over the years, Texas medical examiners have misidentified bodies, botched examinations and had to do a double take on cases of individuals later exonerated by law enforcement. That has opened the door for innocent men and women to go to prison and killers to go free. The slapdash work of some medical examiners could also allow public health threats, wrongful deaths and preventable medical errors to go undetected, experts warn.
"The work of the medical examiner’s office is just so slipshod," said Tommy Turner, the former special prosecutor who put a Lubbock medical examiner behind bars for falsifying autopsies.
Critics say the medical examiner’s office is "the last bastion of junk science." The problems, they say, are similar to those that plagued the state’s crime labs for years: lack of performance standards, poor documentation, a shortage of qualified personnel and lax oversight.
"The state does not keep track of MEs in any shape, form or fashion," Bexar County Chief Medical Examiner Randall Frost said. The state doesn’t even know how many certified forensic pathologists work in government offices, he added.
And a medical examiner doesn’t have to be trained in forensics or pass a specialty exam to do an autopsy. All that’s required is a state medical license. That’s akin to having your family doctor do brain surgery, says a growing chorus of medical examiners.
Some of these problems are a function of state law, said the Startlegram understatedly: "One significant weakness: Texas law doesn’t require medical examiners to take notes, produce body diagrams or photograph evidence." Reporter Yamil Berard has compiled numerous examples of medical examiners failing to do any of those things and subsequently making errors and botching cases, often egregiously. Travis County's long-time, now-retired medical examiner, Robert Bayardo, told the Startlegram he "never took notes because he feared they would be subpoenaed." That's just unfathomable to me. The purpose of the examination is to generate information for court. But Bayardo apparently considered himself on the prosecution's team and thus feared the other side might obtain information that would help them. Un-friggin-believable.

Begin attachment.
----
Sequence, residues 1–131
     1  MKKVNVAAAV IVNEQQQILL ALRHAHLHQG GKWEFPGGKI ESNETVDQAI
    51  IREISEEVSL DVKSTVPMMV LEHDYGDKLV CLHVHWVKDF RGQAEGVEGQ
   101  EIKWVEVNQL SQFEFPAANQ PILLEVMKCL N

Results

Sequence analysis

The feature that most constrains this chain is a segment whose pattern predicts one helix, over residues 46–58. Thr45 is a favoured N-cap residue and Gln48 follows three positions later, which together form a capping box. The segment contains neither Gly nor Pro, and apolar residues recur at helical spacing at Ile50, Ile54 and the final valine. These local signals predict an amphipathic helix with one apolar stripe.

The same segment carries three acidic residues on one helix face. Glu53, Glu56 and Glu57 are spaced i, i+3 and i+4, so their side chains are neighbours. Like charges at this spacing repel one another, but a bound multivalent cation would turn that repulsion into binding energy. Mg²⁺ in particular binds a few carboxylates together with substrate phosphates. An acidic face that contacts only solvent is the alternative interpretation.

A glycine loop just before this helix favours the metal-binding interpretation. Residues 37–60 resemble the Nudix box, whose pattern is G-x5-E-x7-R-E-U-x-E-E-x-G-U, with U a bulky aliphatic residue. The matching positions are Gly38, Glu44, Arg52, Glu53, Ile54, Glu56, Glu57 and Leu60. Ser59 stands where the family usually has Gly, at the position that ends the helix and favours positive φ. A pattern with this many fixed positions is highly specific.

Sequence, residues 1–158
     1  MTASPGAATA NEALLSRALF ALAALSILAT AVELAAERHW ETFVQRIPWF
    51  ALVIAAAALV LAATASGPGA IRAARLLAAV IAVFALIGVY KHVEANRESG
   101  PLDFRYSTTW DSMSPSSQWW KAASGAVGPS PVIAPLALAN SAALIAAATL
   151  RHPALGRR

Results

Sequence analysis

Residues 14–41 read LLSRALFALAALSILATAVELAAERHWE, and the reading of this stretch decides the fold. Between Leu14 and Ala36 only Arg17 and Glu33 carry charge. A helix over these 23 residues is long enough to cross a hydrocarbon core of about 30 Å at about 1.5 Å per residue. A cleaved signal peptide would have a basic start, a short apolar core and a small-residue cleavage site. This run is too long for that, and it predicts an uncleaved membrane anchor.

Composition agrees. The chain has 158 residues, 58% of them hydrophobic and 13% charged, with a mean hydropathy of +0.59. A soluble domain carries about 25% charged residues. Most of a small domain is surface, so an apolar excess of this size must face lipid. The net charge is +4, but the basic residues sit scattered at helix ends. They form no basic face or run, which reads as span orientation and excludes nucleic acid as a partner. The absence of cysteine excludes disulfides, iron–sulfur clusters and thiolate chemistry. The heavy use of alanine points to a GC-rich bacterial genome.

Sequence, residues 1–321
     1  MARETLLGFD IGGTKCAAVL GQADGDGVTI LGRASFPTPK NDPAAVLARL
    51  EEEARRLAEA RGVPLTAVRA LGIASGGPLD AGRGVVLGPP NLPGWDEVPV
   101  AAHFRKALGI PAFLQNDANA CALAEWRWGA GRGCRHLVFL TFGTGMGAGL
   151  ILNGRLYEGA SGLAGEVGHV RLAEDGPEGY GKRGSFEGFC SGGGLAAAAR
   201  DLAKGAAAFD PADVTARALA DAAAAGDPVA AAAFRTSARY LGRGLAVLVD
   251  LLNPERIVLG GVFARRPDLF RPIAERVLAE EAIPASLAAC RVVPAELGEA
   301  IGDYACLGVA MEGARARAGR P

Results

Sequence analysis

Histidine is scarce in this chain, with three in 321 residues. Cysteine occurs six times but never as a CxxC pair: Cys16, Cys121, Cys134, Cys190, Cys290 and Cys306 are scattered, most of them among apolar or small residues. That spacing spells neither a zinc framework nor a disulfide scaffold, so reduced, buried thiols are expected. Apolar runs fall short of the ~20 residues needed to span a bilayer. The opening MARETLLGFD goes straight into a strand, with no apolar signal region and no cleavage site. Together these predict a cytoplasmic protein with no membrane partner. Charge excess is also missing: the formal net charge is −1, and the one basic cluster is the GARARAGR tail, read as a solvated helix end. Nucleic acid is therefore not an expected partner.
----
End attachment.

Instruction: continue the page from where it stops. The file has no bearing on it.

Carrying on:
Read the whole article for a long list of autopsy-error horror stories, beginning with the opening lines.
A sidebar to the story describes when autopsies are required in Texas:
In Texas, inquests by medical examiners are required when:
■ A person dies within 24 hours of admission to a hospital or institution.
■ A person dies in prison or jail.
■ A person is killed or dies an unnatural death.
■ A person dies in the absence of one or more good witnesses.
■ A body part or body of a person is found and the cause or circumstances of death are unknown.
■ The circumstances of the death are suspicious.
■ A person commits suicide or is suspected of having done so.
■ A person dies without having been attended by a physician and the cause of death is unknown.
■ A child younger than 6 dies and the death is reported under state law dealing with child welfare services.
■ The attending physician is not certain about the cause of death.
MORE: Here are the followup stories in the series (last updated 9/30):